Study: Jurors could be biased against people who don’t swear to God

Posted: Tue, 4th Apr 2023

Study: Jurors could be biased against people who don’t swear to God

Bias against people who don't swear a religious oath in court may lead to hundreds of additional convictions, researchers have said.

Research from Royal Holloway, University of London has found that defendants who don't "swear by Almighty God" run a higher risk of being found guilty by jurors who themselves take a religious oath.

In the UK, court witnesses can choose to either swear a religious oath to God, or make a secular affirmation, that they will give truthful evidence.

The researchers concluded that the religious oath "is an antiquated legal ritual that needs reform".

The National Secular Society is calling for the oath and affirmation to be replaced in light of the research.

Religious oath-takers more likely to discriminate against secular affirmers

The researchers held two surveys which found that people associate the religious oath with credible testimony; and that people, especially those who are religious, discriminate against defendants who choose instead to affirm.

In a further experiment, participants acting as 'jurors' watched a video of a mock trial, in which the 'defendant' either swore a religious oath before giving evidence or made the secular affirmation.

The participants were themselves required to choose to swear or affirm that they would try the defendant in good faith.

Overall, the defendant was not considered guiltier when affirming rather than swearing. However, jurors who themselves swore a religious oath were more likely to find the affirming defendant guilty.

The study noted that moral suspicion of atheists is "globally widespread and deeply entrenched", with many people associating atheism with immorality.

Researcher Professor Ryan McKay said: "If taking the oath is seen as a sign of credibility, this could lead to discrimination against defendants who are not willing to swear by God".

Professor Colin Davis, who also collaborated on the work, said: "Discrimination against defendants who choose not to swear an oath could lead to dozens, if not hundreds, of additional convictions every year".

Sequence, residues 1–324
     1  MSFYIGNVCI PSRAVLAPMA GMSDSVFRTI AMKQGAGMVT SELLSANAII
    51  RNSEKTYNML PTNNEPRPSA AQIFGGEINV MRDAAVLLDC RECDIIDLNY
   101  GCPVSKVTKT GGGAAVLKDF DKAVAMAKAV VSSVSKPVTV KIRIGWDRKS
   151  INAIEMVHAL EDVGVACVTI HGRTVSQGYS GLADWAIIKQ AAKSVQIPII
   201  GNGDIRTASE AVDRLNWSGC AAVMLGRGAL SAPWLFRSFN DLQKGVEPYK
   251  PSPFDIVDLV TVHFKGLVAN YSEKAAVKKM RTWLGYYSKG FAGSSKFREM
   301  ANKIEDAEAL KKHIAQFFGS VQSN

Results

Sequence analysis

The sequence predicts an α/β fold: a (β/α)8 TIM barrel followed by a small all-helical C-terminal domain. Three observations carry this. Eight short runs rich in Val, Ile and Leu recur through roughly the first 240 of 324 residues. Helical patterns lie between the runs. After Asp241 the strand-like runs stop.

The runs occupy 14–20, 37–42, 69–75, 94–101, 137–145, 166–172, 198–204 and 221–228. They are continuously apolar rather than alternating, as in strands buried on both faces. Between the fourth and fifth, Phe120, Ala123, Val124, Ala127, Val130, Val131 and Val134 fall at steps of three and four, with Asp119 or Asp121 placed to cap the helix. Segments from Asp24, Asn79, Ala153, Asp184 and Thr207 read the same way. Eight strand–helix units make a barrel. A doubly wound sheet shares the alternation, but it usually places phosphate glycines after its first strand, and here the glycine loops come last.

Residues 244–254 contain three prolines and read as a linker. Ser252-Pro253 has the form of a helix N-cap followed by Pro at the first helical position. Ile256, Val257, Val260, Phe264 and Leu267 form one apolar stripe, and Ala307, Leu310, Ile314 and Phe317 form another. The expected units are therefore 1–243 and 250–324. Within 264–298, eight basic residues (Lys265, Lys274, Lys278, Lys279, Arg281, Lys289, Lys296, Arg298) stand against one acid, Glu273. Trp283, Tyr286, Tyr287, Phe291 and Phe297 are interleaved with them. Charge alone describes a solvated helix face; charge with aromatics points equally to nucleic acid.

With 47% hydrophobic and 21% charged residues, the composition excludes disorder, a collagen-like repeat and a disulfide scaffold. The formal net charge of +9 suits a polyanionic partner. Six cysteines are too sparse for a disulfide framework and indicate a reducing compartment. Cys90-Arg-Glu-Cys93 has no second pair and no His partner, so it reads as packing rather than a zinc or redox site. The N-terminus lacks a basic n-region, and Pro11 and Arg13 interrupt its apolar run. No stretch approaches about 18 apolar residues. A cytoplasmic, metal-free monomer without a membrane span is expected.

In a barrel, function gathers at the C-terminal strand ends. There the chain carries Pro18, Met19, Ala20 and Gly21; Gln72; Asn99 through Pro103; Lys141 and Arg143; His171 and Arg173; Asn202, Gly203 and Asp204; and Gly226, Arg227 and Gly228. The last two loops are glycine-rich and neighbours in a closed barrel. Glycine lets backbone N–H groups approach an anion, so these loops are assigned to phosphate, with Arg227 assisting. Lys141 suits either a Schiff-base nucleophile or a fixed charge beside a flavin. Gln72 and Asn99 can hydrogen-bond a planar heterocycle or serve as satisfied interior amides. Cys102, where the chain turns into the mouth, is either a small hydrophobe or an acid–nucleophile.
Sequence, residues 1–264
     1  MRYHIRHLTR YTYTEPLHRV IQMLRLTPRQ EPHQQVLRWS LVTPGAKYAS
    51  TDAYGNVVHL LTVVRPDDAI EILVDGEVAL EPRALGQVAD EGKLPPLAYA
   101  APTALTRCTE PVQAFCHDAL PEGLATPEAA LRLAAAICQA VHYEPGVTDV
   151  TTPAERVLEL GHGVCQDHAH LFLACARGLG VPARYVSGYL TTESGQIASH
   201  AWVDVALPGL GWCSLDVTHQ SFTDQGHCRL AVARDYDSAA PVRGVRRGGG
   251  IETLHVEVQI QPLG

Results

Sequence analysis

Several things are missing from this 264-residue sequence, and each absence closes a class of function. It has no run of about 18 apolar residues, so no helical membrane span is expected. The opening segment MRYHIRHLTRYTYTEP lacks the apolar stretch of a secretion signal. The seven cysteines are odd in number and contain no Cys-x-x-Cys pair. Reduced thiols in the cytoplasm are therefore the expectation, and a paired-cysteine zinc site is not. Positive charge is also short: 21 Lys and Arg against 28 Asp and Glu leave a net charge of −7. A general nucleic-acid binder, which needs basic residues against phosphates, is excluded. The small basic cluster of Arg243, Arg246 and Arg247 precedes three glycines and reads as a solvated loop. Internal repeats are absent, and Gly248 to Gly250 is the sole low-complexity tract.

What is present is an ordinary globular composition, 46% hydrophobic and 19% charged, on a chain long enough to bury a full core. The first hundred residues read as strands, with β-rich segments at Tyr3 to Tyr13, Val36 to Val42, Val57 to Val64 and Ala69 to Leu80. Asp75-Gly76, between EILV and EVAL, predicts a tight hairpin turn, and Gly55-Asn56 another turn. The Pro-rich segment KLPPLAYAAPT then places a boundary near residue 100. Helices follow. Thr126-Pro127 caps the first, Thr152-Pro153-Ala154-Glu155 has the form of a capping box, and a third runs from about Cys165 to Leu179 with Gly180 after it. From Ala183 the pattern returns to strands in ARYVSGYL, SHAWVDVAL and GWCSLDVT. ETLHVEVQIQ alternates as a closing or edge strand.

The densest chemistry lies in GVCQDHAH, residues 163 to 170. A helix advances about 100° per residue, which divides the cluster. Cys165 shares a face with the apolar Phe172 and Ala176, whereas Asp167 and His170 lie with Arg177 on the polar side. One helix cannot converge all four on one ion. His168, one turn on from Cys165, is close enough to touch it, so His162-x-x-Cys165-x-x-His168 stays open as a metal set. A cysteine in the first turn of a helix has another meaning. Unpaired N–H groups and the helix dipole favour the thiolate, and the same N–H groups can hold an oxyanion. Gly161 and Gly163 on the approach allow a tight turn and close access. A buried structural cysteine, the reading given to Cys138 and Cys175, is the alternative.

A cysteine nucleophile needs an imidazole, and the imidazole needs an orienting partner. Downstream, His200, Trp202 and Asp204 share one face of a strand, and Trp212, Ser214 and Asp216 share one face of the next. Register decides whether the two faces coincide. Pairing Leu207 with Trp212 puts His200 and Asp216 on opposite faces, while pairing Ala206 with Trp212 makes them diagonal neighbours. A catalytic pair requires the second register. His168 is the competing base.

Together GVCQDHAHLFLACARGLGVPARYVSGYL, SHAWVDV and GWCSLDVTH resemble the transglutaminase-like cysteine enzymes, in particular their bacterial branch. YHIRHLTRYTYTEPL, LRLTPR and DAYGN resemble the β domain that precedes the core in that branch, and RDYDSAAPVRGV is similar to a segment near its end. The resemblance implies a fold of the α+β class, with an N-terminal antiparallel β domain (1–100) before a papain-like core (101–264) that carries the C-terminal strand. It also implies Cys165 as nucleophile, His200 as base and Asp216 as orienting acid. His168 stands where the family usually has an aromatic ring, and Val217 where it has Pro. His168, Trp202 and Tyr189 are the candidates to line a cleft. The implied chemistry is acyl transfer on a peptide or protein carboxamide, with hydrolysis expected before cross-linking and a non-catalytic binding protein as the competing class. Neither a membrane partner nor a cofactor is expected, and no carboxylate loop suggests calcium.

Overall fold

In a 2001 review of the criminal courts of England and Wales, Lord Justice Auld recommended that the witness's oath and affirmation be replaced by a solemn promise to tell the truth. This proposal provoked protests from church leaders.

A further proposal to end the swearing of oaths on the Bible and other holy books in courts in England and Wales was considered, but ultimately rejected by magistrates in 2013. The motion called for oaths and affirmations to be replaced by a promise to "very sincerely tell the truth".

Magistrates Association members who supported the proposal argued it would make the justice system fairer, more relevant and help to convey the importance of what witnesses are saying.

But senior figures in the Church of England called it "another attempt to chip away at the country's Christian foundations" and at least one who member who rejected the motion expressed concern that that magistrates would be "pilloried for going against centuries of tradition". Church leaders also argued that religious oaths strengthen the value of witnesses' evidence.

The research concluded that continued use of the oath "may make justice more difficult to obtain for those who are unwilling to swear by a God they do not believe in".

Findings are "disturbing", says NSS chief executive

NSS chief executive Stephen Evans said: "These findings underline the urgent need to replace court oaths and affirmations with a single, secular solemn promise to give truthful evidence.

"It is disturbing that defendants could find themselves wrongly convicted if they choose to make a secular affirmation rather than swear an oath to God.

"There is a value in requiring witnesses to acknowledge publicly before they give evidence that they are under a solemn duty to tell the truth.

"But the process for achieving this should be universal, rather than the multifaith mishmash of oaths and affirmations we have now.

"Tradition shouldn't stand in the way of a secular legal system which treats everyone equally and which prioritises the fair administration of justice above all."

Image: Terrance Emerson, Shutterstock

What the NSS stands for

The Secular Charter outlines 10 principles that guide us as we campaign for a secular democracy which safeguards all citizens' rights to freedom of and from religion.

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